Nursing Shortage in Healthcare System

Nurses are the most important part of the healthcare system and they make up the largest portion of the healthcare workers. There are around 29 million nurses and midwives globally and 3.9 million of those are in the United States (Haddad, Annamaraju, & Toney-Butler, 2020). There is a continuous shortage in the nursing profession for the past decade. Lack of potential educators, lack of job satisfaction, high turnover, and unequal workforce distribution are the main reasons for this shortage (Hayes et al., 2012).

Increased use of health services

The world population is aging as a whole. The baby boom generation is entering the elderly age and now they require more health services. The United States has the largest number of Americans who are above the age of 65 years. As the population is aging the need for healthcare services is also increased (Baumbusch & Shaw, 2011). Older persons have more than one morbidities that require treatment and care. Due to advancements in medical technology and science, life expectancy has greatly increased, causing an increased use of health services. Increased chronic ill patients require an increased healthcare workforce and nurses. Nurse to patient ratio is very low in the United States. On average there is only one nurse for 5 patients.

Pandemic outbreak

Due to the surge of pandemic, nurses as frontline healthcare workers were at high risk of getting infections. During the first wave, there was an increased burden on the nurses as there was an increased number of critically ill patients. Along with increased burden and low nurse-to-patient ratio, there were limited resources and inadequate personal protective equipment that caused fear and frustration in nurses and they started to leave the bedside care. They preferred administrative roles or started to work for staffing agencies where they were paid well. Some nurses left to become travel nurses as their salaries were substantially increased during the surge of the pandemic. Some nurses leave the profession due to burnout at the workplace. This could be due to increased workload, insufficient control on available resources, lack of reward or appreciation, workplace environment, emotional exhaustion, etc. The national average rate for nurses’ turnover is 8.8% to 37.0% depending (Haddad et al., 2020). The majority of healthcare facilities have long working hours for nurses. Nurses usually have to work 12 hours shifts. They may have to work on weekends as well depending on the workload. In such circumstances, nurses have to sacrifice their family time and the comfort of their homes due to their job. However, the female nurses during their childbearing years or some other responsibilities, tend to leave their profession and move to some other jobs.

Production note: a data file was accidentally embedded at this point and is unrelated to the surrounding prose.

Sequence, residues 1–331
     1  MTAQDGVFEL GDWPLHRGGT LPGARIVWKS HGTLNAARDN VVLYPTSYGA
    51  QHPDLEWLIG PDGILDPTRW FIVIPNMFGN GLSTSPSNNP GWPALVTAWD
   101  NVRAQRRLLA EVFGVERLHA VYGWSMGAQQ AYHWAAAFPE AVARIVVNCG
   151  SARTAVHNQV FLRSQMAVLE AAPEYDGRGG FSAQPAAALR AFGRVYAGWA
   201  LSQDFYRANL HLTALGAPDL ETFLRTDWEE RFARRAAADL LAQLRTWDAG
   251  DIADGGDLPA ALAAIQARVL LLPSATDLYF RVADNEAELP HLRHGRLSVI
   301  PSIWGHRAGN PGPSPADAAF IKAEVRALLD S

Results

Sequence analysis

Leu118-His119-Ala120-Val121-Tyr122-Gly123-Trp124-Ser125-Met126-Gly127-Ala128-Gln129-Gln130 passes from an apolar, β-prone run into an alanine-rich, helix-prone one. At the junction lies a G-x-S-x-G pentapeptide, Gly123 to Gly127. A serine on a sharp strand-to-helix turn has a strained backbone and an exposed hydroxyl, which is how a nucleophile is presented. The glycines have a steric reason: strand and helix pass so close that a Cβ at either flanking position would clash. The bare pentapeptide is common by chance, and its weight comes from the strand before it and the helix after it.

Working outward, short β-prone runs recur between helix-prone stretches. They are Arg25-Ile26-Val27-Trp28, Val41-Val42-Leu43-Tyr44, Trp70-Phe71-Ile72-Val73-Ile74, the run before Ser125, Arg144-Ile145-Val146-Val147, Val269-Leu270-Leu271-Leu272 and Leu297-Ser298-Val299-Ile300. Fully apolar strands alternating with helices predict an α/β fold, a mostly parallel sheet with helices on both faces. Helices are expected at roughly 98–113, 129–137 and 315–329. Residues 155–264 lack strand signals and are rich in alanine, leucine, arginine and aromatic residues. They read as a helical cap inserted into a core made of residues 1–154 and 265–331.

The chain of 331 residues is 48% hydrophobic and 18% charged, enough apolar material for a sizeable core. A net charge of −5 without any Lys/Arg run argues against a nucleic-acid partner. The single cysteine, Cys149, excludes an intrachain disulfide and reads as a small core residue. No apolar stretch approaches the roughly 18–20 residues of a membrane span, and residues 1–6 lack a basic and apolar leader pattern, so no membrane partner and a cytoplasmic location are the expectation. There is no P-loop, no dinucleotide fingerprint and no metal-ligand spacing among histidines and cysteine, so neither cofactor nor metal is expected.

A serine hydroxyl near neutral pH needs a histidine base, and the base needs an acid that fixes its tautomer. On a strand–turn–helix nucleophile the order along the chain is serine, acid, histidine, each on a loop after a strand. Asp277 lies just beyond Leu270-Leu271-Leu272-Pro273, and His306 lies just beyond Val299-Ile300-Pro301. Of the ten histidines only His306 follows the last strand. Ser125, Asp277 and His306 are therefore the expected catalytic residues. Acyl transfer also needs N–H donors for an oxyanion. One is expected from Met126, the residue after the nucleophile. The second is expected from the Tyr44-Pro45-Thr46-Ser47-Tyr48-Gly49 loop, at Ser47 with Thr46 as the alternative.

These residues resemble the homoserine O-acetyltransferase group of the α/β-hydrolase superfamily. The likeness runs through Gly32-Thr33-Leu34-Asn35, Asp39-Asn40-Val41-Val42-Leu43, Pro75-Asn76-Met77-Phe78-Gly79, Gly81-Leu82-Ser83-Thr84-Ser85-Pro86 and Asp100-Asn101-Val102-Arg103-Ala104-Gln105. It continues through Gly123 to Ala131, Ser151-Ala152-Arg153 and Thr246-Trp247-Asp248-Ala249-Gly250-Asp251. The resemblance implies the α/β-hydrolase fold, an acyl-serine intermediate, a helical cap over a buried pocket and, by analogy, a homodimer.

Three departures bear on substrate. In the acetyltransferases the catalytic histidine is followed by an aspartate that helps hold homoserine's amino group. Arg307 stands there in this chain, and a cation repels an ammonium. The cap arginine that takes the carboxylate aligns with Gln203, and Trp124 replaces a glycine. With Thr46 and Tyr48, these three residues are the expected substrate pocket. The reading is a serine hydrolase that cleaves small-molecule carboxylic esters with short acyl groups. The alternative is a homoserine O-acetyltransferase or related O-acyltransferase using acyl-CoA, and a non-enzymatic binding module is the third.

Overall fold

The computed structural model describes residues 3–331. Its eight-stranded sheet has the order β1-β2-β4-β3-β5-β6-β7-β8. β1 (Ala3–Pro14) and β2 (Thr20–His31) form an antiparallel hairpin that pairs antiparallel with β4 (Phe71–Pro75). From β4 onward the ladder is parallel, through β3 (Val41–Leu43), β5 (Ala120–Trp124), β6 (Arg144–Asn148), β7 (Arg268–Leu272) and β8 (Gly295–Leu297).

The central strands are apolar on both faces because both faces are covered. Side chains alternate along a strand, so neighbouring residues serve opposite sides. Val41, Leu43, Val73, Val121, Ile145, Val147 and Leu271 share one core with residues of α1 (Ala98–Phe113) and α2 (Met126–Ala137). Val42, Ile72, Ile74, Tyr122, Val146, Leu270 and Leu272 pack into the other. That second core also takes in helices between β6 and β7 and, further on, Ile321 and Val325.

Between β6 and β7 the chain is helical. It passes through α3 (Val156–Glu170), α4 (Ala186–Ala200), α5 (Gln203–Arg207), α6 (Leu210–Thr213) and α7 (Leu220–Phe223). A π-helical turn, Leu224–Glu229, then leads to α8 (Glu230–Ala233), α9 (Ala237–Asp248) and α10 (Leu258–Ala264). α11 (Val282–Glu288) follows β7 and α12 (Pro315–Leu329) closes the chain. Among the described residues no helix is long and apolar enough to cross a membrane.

Workplace violence

Emotional and physical abuse at the workplace adds to the already stressful working environment of nurses. It takes a toll on their physical and mental well-being. Healthcare workers are at great risk of workplace violence all over the world. According to research 8 to 38% of healthcare workers are facing some sort of violence during their professional career (Haddad et al., 2020). It creates the environment toxic for nurses and they decide to leave their jobs.



Baumbusch, J., & Shaw, M. (2011). Geriatric emergency nurses: addressing the needs of an aging population. Journal of emergency nursing, 37(4), 321-327.

Haddad, L. M., Annamaraju, P., & Toney-Butler, T. J. (2020). Nursing shortage. StatPearls [Internet].

Hayes, L. J., O’Brien-Pallas, L., Duffield, C., Shamian, J., Buchan, J., Hughes, F., . . . North, N. (2012). Nurse turnover: a literature review–an update. International journal of nursing studies, 49(7), 887-905.


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